Profit shouldn’t be a presumption for franchises

A profitable business is a healthy business but how many franchisees can say with certainty that they're in profit?

Profit shouldn't be a presumption for franchises

Business has never felt better – orders are pouring in and customers can’t get enough of your offer. But are you actually making money? A franchise may be busy but that doesn’t necessarily mean it’s profitable. Many franchise owners don’t precisely know when their operation goes from shelling out cash to making a profit or if costs exceed the money coming in. So how can you be confident that you’re in the black and things really are as good as they seem? “

Pinpointing profit

About 97% of UK franchise-owned outlets were profitable in 2015, according to the latest figures from the bfa. Or were they? It’s a stunning number but it is self-reported – in other words, franchisees stated whether they believe their operation is profitable or not. The truth is an alarming number of bosses rely on their gut instincts when it comes to judging the health of their enterprise. In fact, according to past government research, as many as one in two people running an SME doesn’t know their business’s breakeven point, which is when its revenue equals its outgoings. Put simply, it’s the figure that indicates how many sales need to be made in order to turn a profit.

In no way do I wish to cast doubt on the success of franchises. Famously, they are more likely to be profitable than traditional startups because they are following a tried and tested business concept. Established franchises also tend to receive more support from conventional lenders – at least before the economic downturn – than that offered to standalone small companies. Finally, franchises have the support of their franchisor, from marketing and advertising to training and problem-solving. But managing the financial nuts and bolts of an outlet still typically comes down to the individual franchisee. And the reality is some people are better at crunching numbers than others. “

The dangers of ignorance”

If the person directly in control of the company finances doesn’t know when the operation is breaking even, accurate business planning becomes a near impossibility. Not only can it affect pricing policy, it will also have some bearing on how much a business might produce of a given item, the amount of stock it needs to carry or what services it offers. Moreover, it can cast light on individual expenses – such as the cost of marketing or materials used – which may be disproportionately high.

This kind of knowledge really is power. Financially savvy franchisees will keep their breakeven point as low as possible in order to maximise their profit potential. This requires monitoring key figures as often as weekly or monthly, then making changes where necessary to keep profits healthy. “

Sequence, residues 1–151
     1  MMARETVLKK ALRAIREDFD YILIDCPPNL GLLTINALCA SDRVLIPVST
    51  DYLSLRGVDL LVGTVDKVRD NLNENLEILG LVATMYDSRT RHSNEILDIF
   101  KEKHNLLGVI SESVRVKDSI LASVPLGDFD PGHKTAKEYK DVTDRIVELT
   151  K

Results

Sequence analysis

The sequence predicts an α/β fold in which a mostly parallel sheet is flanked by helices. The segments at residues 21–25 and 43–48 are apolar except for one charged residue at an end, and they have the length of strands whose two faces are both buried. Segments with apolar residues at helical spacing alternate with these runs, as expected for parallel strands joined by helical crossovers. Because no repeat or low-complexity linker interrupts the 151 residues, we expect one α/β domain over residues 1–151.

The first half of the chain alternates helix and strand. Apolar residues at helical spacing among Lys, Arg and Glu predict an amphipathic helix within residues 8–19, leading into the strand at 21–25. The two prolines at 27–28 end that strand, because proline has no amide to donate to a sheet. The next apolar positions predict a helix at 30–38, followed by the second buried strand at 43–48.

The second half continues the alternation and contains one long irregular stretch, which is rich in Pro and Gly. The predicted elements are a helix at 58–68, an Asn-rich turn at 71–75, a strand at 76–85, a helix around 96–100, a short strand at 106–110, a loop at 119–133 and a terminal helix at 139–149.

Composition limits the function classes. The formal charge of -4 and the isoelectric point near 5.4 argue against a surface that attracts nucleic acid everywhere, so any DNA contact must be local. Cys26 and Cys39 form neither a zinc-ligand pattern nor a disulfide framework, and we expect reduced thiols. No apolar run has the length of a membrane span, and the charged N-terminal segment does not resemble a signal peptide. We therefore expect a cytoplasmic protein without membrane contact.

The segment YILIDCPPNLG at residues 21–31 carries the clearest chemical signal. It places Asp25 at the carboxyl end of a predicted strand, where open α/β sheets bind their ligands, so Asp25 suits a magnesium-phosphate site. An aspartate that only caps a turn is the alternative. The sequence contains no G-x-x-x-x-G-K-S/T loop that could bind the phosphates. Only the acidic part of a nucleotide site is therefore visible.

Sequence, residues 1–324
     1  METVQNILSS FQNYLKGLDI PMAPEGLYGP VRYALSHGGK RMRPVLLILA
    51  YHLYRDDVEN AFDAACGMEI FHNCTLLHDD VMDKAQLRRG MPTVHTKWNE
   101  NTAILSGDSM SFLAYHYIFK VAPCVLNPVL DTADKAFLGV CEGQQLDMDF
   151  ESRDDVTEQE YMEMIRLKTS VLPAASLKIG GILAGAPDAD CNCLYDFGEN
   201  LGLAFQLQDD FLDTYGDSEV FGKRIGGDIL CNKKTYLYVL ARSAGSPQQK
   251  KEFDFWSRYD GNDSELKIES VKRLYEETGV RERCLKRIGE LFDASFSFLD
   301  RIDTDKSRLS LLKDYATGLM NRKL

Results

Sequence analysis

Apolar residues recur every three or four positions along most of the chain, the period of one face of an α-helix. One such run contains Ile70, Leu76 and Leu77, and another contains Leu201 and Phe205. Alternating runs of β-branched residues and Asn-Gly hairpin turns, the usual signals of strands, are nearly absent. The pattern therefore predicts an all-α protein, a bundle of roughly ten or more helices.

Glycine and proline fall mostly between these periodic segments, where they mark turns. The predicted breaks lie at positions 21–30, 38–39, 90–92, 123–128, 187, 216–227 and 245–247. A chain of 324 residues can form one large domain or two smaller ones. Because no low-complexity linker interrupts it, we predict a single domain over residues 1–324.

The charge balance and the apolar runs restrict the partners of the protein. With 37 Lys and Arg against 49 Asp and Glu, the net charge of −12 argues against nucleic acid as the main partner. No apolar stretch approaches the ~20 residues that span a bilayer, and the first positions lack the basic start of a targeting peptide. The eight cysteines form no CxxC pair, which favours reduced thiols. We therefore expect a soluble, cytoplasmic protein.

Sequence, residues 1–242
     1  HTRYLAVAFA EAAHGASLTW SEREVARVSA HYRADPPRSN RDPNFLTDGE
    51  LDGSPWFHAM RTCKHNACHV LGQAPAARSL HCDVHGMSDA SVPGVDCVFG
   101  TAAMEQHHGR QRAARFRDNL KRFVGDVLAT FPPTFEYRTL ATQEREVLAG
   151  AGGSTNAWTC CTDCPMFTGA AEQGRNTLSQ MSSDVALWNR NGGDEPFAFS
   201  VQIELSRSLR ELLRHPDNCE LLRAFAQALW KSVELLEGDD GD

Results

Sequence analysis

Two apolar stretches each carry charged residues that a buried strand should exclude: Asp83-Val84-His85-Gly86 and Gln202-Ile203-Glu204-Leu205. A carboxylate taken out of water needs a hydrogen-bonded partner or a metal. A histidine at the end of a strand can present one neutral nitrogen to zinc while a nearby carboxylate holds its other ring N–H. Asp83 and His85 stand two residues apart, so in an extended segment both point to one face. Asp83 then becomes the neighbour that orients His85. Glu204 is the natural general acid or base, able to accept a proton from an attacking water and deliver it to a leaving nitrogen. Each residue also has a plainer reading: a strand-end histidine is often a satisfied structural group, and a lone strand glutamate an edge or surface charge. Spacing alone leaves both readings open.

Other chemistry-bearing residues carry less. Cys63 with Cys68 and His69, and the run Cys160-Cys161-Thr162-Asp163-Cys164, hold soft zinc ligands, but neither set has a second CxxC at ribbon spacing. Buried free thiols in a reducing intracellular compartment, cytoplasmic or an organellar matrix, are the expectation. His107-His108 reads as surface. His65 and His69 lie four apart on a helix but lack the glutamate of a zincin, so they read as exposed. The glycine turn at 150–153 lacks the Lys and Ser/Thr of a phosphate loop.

But it is not just about giving your franchise the best chance of success; it is also about managing risk. If a business isn’t regularly checking its sales, margins, overheads and net profit, it could be stumbling towards failure, oblivious that disaster is about to strike. According to insolvency experts, a good proportion of smaller business collapses are caused by owners not having sufficient command of their operation’s basic numbers. While franchises are less prone to business failure than independent SMEs – the latest bfa survey suggests as little as 0.2% of franchises changed hands in 2015 due to commercial failure – the most successful franchisees will still always be those that have a handle on their core financials. “

Forewarned is forearmed”

Once a franchise owner has mastered their breakeven calculation, it should be able to maintain more accurate inventory levels, raise the prices of goods and services – if the franchisor allows it – and keep operational costs under control. But these regular assessments of company finances will also serve as an early warning system, flagging up when and if the business is losing money. If any shortfalls come to light before they pose a real threat to the day-to-day operation of a franchise outlet, it’s possible for the owner to deal with the situation in a timely manner. This may mean cuttings costs, chasing outstanding invoices or looking at the options available for bridging finance to keep the cash flowing while a long-term solution is found.

To maintain an accurate picture at all times, franchise owners need to put systems in place to check sales, orders, overheads and profit then recalculate these numbers regularly to get an up-to-date idea of the enterprise’s health. Monitoring such figures on an ongoing basis also means a business owner has records against which he or she can measure the franchise’s success, getting a sense of its overall performance. “

If the official data is to be believed, chances are your franchise is likely to be in profit but it’s sensible to be sure. Undertaking regular breakeven analysis is not only good business practice, it will also help a franchise that’s seeking funding. Any lender wants to see that a business is in command of its finances and knows what is flowing in and out of its coffers.

Profit is the holy grail for any business so make sure that your franchise has the greatest chance of achieving it – and maximising it.”

Alex Littner
Alex Littner